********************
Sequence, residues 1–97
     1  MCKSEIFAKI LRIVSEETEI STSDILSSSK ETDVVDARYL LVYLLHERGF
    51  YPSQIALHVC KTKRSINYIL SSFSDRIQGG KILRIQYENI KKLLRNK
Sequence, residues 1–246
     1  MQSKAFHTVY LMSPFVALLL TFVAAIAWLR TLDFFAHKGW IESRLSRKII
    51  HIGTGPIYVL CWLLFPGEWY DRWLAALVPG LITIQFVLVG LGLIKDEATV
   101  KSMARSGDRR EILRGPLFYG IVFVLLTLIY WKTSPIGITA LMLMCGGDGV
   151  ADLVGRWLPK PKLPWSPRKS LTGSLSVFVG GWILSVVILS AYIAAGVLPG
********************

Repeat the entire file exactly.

Sequence, residues 1–97
     1  MCKSEIFAKI LRIVSEETEI STSDILSSSK ETDVVDARYL LVYLLHERGF
    51  YPSQIALHVC KTKRSINYIL SSFSDRIQGG KILRIQYENI KKLLRNK
Sequence, residues 1–246
     1  MQSKAFHTVY LMSPFVALLL TFVAAIAWLR TLDFFAHKGW IESRLSRKII
    51  HIGTGPIYVL CWLLFPGEWY DRWLAALVPG LITIQFVLVG LGLIKDEATV
   101  KSMARSGDRR EILRGPLFYG IVFVLLTLIY WKTSPIGITA LMLMCGGDGV
   151  ADLVGRWLPK PKLPWSPRKS LTGSLSVFVG GWILSVVILS AYIAAGVLPG